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Old 03-03-2010, 05:54 PM   #15
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Trailer wiring

Keep me posted, I'll be glad to help in any way I can.

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Old 03-04-2010, 02:28 PM   #16
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Originally Posted by ts8501 View Post
All helpful, but let me add that I am currently indoors on a concrete floor. I am thinking I should attach the trailer to the TV, and drop one of the chains from the trailer to the floor. I must have enough 12v ground by then I would hope.
The kind of ground you need has nothing to do with the floor or dirt.

Look at it this way. Every electrical circuit needs a way to get power TO the load (light) and power BACK to the power source (battery).

This means every circuit needs 2 wires, one to the load, one going back.

Somebody cleverly figured out, that all you really need is a piece of metal in place of the wire going back to the battery. And guess what, your car is made of metal! Also your trailer is made of metal!

By using the car or trailer in place of a piece of wire, they make your wiring much simpler and save a fortune in wire.

When they do this it is called "grounding" the wire, even though no actual ground or dirt is involved.

I hope this is clear.

In your case, if the trailer lights are grounded to the trailer, and the power comes from the car, you have to have the trailer and car connected together to complete the circuit.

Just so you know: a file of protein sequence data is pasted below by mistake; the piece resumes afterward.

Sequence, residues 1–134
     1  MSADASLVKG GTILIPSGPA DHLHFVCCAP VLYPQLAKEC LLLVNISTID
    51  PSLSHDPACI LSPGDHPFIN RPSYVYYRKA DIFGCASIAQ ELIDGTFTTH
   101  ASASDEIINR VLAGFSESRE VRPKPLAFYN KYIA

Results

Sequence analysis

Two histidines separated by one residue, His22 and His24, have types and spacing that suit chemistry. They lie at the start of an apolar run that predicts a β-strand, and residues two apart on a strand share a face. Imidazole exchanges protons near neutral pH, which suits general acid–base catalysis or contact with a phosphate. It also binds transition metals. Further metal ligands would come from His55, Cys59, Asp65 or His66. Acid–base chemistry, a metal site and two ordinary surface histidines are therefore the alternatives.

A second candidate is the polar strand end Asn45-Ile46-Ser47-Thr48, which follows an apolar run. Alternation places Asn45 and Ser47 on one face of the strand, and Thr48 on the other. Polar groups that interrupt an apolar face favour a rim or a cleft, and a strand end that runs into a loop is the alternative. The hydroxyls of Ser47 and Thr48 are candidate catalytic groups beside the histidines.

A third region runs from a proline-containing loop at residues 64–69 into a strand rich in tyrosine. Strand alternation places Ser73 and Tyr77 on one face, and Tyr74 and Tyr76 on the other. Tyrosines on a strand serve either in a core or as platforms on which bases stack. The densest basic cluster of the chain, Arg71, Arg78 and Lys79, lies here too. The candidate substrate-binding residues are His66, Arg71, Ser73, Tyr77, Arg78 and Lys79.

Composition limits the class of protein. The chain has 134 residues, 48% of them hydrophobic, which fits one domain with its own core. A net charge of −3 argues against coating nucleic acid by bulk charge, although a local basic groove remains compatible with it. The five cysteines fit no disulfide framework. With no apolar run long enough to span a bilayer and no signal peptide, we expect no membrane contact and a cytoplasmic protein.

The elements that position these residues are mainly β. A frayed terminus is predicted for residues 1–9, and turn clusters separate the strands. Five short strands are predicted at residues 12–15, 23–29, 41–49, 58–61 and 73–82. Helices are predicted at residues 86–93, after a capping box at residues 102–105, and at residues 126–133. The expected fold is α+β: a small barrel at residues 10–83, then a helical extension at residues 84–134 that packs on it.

When you plug in your trailer lights this should happen automatically because one of the wires in the harness is a "ground" wire that connects your trailer to your car.

If this is not happening you need to check the ground circuit in the plug. For a temporary test you can connect a jumper cable from your car frame to the trailer frame. Be sure the connection is on bare metal. Any rust, dirt or paint can act as an insulation.

Just hitching up will usually create a ground. But this is not always certain especially if you grease the ball. So they add a ground wire to be sure.

Living in the trailer park of sense, looking out the window at a tornado of stupidity.
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Old 03-07-2010, 09:21 AM   #17
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Although I forgot to take a picture with the rear lights on, you can see the difference in these two shots. The outside shot was taken in late November, clearly showing my temp light set-up, old Plexi-glass window, and non-refurbished Airstream Name Plate. A proper ground was the final answer. After testing the left side lights with the new wiring that I had run, it became temporary wiring, as I was also able to hook up everything using the existing trailer wiring. The new umbilical cord, and with grounding of the truck and trailer, and my rear lights works great! Now I can finish installing the new tear drop running lights (notice the three aluminum tape band-aids above the Airstream Nameplate. I am very happy to have this task behind me, as it has been the one item that has been a thorn in my side since last fall.
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Old 03-08-2010, 07:21 AM   #18
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Glad we could help. I get a lot of good advice from this forum. It is a great resource. If you are able to do the work yourself, it saves $$$. And the other thing is, you can find the guy who did the work.

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